Doctor Who: The Daleks

The trouble is that in a sense I know this story too well, having read it repeatedly as a paperback as a child, in fact after Unearthly Child I was all prepared to be unimpressed with the actual TV programme in comparison with my own pictures in my head for this one. This introduction of course indicates that I was pleasantly surprised: good move rushing straight into the daleks as the second adventure, & the story & production both compare very favourably to its predecessor. In fact The Daleks has an incredible sureness of touch, & is so readily-recognisably a Dr Who story so early.
It does seem to me that it *feels* different from Dr Who stories as they would later become. Remember the original purpose of Dr Who being to be educational? This was plainly already forgotten by the time of this headlong rush into sci fi, but it is recognisably more 'worthy' (I can't think of a more suitable word) compared to the ITV serials of the time I watch. A scientifically-minded child could really get into the kind of mechanisms & systems mentioned in this programme, despite it being completely fictional.
I like Hartnell's Doctor lots. He is as far as I know the only overtly elderly Doctor Who, & Hartnell plays it for all it's worth. The Doctor here gets the most out of the cunning that old people often have, which of course leads the others into trouble here. It is either a weakness on his part that he takes a hasty look at the geiger counter before rushing out of the TARDIS as it leaps up to danger point, or if not it's a mammoth plot weakness. My main criticism of this serial, though, is the same as everyone else's: it's not a seven-parter really, five would have been enough for the available plot. Apart from the sci-fi aspects, the plot is a straightforward adventure story in a Boys' Own vein, a safe choice plot-wise for a young TV series.
Is it just wrong that I always feel sorry for the daleks? I certainly take to them more than to the Thals. They are genuinely scary in this serial, despite not being the figures of personified evil they became. I think my reaction along these lines may purely be because the viewer is plainly supposed to feel sympathy for the Thals. I don't like the Thals' pseudo-Classical names. I don't like their costumes, I mean, what's the point, have them clothed or bare-chested, but the garments they have on are plainly not functional. The Thals (that formerly terrifying warrior race) lost my sympathy when it became apparent, soon after their appearance, that they didn't know the city was inhabited. Didn't they think to go & have a look? The Daleks elicit my sympathy because they're ill, it's cynical to want to copy the medication for themselves while their visitors die, but a race mutated & exhausted by a thousand years of war are plainly at their wits' end. We are *supposed* to feel sorry for the Thals, but the daleks also bear their wounds, & in this serial come across as frankly naïve & easily tricked. This series does it completely right *not* to show the Kaled taken out of the casing, beyond a claw. This of course feeds the horror in the imaginations of the viewers, but I still think the Kaled's claw is pathetic. It stops moving, & the Kaled has plainly died outside its protective casing.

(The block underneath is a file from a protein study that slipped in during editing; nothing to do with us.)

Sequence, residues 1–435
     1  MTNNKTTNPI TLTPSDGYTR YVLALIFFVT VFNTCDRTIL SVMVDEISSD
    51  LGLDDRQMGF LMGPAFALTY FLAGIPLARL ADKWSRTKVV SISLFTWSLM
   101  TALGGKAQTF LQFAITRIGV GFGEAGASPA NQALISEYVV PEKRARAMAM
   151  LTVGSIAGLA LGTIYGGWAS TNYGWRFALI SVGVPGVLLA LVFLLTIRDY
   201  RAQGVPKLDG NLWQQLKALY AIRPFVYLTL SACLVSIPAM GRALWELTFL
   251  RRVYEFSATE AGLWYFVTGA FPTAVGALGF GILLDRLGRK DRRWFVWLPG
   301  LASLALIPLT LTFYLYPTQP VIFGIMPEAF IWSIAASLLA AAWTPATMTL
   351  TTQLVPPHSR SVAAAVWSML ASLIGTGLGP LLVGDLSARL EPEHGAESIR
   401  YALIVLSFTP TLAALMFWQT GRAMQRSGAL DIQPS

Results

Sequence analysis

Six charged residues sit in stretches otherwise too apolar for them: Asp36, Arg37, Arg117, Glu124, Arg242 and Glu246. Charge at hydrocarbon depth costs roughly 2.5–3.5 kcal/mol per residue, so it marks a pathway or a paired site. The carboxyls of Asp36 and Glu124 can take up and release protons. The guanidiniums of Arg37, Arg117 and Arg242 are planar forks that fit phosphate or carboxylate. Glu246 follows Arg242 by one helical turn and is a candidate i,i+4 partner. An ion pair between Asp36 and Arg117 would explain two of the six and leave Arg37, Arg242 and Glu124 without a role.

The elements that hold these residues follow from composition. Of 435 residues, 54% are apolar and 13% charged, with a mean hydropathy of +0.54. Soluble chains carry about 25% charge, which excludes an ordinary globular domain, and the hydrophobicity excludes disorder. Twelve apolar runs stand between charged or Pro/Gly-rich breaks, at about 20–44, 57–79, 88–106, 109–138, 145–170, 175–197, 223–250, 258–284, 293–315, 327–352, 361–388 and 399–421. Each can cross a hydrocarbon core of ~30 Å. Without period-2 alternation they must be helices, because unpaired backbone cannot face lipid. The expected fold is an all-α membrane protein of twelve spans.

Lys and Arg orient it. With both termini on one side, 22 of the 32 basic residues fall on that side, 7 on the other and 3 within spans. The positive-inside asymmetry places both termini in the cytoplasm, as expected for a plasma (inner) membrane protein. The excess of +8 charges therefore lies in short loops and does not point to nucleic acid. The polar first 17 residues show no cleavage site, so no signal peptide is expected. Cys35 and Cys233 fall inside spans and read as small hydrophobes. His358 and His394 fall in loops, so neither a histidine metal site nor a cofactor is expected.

This serial is sooo much of its time, since its moral concerns are solely warnings about war, & particularly the effect of nuclear war. If anything was meant to scare the kids off a-warring, it was the threat of turning into Daleks after the holocaust. There is no ambiguity here, the Thals have learned the lesson about war & the Daleks haven't, the Thals are good, the Daleks bad. It has all the complexity of a spade. That combined with the series's rather didactic tone makes for a series redolent of a different age of television in all sorts of ways, but the strong plot & characterisation put The Daleks into the stonking good television bracket for me. Absolute best bit: the puzzling way the Dalek's head sensor wobbles up & down when it can't get through a door jammed by the Doctor.